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Adjutant and Inspector General Reports

1864 Report


The foregoing statements of troops raised during the year include 621 substitutes for enrolled men, and 25 substitutes for drafted men. These have been procured mainly by individual effort, aided in some cases by local bounties, and principally through a class of men known as "substitute brokers." Some of the men thus furnished have been citizens of the State and in every respect reliable and faithful soldiers, induced to enlist as substitutes, rather than as volunteers, by the increased bounty, which they could thus obtain. But by far the great majority of the substitutes have been from the lowest class of refuse city population, of no service to the Government, and serving only a valuable purpose in procuring credits upon paper, -- if that can be considered valuable, which extinguishes the right of the Government to call for men, without giving them men as an equivalent. As a general rule, these men have deserted at the earliest day practicable, after they had been duly mustered and had received their bounties. They have required to be treated and guarded in a manner disgraceful to them as soldiers, and even this has been insufficient to secure their continuance in the service. Of 483 substitutes, who were sent to and actually joined their regiments in 1863, there have already been 141, or nearly thirty per cent, who have been reported as deserters; while a much larger number than this have deserted before reaching the regiments. The really good men of this class are entitled to the same commendation for valuable service rendered, which is accorded to the volunteer soldier. The Roster, printed in Appendix D, shows the names of such men, in such way as to avoid all hazard of doing them personal injustice by any general remarks in reference to substitutes, as a class. But no words of opprobrium are too strong to apply to the "bounty jumpers," who enlist for bounty and desert and enlist again, -- unless, indeed, it is just to consider them slightly less criminal than the "substitute brokers," who procure and sell them, and as often as otherwise aid them to desert, that they may sell them again.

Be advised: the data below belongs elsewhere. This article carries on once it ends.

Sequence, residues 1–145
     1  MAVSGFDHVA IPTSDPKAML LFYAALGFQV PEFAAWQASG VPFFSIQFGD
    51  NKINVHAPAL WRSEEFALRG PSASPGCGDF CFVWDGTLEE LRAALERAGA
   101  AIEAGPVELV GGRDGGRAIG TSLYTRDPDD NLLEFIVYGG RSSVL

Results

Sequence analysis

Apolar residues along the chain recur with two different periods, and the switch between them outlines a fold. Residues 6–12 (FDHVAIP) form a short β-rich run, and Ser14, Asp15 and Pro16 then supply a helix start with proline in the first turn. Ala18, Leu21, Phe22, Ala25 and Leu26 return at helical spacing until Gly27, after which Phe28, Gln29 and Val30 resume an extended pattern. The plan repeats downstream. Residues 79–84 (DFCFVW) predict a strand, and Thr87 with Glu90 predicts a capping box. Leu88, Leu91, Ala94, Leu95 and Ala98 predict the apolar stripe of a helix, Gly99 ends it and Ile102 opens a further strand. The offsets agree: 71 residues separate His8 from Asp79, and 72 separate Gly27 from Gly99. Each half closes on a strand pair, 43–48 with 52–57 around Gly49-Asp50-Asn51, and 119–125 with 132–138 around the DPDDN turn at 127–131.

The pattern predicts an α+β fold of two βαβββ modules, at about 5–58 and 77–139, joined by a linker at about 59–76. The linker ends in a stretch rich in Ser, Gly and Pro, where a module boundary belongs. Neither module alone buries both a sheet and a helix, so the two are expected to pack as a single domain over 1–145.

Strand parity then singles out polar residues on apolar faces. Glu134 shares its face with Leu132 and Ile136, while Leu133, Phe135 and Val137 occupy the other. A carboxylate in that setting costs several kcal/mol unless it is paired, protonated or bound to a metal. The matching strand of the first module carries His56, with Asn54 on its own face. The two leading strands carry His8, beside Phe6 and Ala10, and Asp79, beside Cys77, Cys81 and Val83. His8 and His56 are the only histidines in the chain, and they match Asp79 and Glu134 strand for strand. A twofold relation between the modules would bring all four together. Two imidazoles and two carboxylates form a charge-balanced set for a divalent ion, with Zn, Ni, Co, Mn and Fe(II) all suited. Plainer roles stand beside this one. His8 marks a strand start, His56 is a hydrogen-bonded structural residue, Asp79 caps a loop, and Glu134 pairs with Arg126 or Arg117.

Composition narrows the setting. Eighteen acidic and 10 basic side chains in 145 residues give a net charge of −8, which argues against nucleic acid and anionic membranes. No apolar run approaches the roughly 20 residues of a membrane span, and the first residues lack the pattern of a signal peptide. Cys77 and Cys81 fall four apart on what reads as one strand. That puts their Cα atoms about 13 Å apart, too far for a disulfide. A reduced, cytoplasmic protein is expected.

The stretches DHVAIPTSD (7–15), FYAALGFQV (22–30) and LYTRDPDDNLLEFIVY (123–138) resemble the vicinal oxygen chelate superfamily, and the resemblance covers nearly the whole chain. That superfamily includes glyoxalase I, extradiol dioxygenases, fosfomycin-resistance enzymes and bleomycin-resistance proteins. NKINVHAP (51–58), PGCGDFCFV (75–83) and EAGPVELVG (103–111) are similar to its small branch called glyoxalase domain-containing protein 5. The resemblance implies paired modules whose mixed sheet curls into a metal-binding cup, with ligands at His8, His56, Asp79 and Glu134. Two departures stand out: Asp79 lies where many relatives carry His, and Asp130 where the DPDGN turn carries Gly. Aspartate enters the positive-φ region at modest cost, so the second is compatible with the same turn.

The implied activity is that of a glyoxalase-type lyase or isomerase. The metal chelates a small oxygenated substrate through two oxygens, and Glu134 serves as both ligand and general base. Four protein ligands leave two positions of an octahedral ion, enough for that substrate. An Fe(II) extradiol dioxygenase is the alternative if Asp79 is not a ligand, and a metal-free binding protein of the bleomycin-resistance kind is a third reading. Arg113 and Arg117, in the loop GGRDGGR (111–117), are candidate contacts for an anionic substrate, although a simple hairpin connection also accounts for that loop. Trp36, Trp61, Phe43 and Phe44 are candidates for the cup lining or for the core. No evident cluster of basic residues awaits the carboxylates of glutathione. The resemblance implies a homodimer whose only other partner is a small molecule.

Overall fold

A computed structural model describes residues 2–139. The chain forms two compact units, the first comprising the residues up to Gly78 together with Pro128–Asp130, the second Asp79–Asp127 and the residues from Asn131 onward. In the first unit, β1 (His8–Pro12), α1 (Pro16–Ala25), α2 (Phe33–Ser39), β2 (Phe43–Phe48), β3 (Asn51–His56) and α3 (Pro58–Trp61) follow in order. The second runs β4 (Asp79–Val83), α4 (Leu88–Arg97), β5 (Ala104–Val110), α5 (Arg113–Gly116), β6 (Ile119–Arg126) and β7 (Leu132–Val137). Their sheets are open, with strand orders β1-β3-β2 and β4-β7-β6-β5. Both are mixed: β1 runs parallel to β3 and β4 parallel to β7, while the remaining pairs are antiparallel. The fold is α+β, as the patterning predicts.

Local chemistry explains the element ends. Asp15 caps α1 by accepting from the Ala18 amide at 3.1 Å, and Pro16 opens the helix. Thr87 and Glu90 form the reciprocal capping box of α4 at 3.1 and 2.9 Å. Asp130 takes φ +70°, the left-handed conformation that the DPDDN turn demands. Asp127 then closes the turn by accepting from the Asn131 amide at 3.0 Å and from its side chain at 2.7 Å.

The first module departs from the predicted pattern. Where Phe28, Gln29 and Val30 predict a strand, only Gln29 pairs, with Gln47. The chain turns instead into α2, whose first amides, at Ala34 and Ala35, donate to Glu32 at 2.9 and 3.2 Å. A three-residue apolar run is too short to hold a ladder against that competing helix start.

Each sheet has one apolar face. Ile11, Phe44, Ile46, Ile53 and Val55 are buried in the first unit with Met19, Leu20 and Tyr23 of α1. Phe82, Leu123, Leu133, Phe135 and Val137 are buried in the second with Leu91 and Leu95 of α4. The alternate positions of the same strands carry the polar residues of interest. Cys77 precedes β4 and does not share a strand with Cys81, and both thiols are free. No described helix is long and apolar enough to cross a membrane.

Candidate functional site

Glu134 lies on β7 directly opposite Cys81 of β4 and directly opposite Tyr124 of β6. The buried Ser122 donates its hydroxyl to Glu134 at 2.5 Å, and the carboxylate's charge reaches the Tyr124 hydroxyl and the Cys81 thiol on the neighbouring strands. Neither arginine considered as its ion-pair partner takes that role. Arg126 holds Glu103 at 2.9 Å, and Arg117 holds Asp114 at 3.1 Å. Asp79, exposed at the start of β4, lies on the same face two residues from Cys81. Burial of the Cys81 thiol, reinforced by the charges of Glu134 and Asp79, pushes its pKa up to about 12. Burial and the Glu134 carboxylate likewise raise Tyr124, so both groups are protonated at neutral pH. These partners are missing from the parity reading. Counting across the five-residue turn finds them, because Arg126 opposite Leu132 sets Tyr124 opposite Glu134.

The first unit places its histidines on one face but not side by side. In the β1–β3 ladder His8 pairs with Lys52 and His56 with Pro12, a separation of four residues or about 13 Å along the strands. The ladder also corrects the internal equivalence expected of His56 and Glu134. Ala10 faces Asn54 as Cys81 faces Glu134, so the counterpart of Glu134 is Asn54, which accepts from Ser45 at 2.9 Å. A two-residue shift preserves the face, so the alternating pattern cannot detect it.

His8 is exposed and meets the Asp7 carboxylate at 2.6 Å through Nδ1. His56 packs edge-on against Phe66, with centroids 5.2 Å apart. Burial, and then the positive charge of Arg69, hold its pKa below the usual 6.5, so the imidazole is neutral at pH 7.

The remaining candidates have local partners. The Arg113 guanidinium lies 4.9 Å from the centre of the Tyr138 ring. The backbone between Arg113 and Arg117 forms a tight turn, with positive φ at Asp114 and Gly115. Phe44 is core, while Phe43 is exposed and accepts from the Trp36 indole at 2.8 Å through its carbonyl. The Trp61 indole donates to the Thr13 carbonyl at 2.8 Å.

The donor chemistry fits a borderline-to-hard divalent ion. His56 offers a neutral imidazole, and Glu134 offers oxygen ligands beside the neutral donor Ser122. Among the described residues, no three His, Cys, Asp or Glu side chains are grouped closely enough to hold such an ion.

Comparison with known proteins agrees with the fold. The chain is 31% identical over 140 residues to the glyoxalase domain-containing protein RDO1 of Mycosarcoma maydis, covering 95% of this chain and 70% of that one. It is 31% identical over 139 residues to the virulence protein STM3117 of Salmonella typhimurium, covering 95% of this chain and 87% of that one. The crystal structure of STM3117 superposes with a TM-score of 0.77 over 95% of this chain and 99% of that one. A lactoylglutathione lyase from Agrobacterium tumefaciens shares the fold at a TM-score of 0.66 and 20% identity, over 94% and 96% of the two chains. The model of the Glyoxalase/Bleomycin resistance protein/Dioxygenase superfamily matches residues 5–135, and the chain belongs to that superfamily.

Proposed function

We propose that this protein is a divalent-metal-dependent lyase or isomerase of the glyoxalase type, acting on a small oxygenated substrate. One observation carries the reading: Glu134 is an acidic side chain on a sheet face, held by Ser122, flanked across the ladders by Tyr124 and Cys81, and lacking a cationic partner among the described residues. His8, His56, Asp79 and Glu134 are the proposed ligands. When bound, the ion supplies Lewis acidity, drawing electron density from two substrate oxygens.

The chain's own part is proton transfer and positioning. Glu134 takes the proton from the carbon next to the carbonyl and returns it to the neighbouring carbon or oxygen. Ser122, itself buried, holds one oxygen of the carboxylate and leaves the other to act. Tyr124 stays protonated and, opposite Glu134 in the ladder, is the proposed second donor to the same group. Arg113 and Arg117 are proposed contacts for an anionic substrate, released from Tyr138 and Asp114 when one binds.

Although some men of this class have been honorable in their dealings with both the principals and substitutes, and have scru- pulously performed whatever promise they have made, yet we lose sight of them, in that much larger body of men, with whom they associate, whose only thought is how to make the most money, who would as soon aid a soldier to desert as to enlist, and who are alike faithless to their employers and to the men whom they obtain. By the effort of the State officers, aided by the active co-operation of the several Provost Marshals, and of the A. A. Provost Marshal General, this class of men has been much diminished in the State, and their operations curtailed and limited in every way practicable. It has been demonstrated, under the last call for men, that the best recruiting territory, which any town has, is within its own borders; and the towns, which acted steadily upon this principle, -- as most of them have, -- have filled their quotas with the same class of men as those who have already, in the field, proved themselves competent, on every battle-field, to vindicate the honor of the State and their own claim to be considered fearless, dashing and determined soldiers.

If, by legislation, the evils arising from the obtaining of recruits through "substitute brokers" can be remedied, or prevented, the remedy, even though of the most stringent character, should be applied.

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